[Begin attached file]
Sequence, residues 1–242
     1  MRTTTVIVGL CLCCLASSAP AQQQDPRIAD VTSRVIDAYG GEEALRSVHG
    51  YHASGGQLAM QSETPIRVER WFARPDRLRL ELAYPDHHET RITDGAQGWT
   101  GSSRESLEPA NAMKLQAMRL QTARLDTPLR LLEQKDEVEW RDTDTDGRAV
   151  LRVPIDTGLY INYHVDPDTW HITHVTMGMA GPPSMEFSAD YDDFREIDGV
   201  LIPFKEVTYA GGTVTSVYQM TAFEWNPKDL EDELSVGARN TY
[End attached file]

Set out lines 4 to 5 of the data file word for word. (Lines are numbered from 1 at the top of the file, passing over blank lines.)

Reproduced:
   101  GSSRESLEPA NAMKLQAMRL QTARLDTPLR LLEQKDEVEW RDTDTDGRAV
   151  LRVPIDTGLY INYHVDPDTW HITHVTMGMA GPPSMEFSAD YDDFREIDGV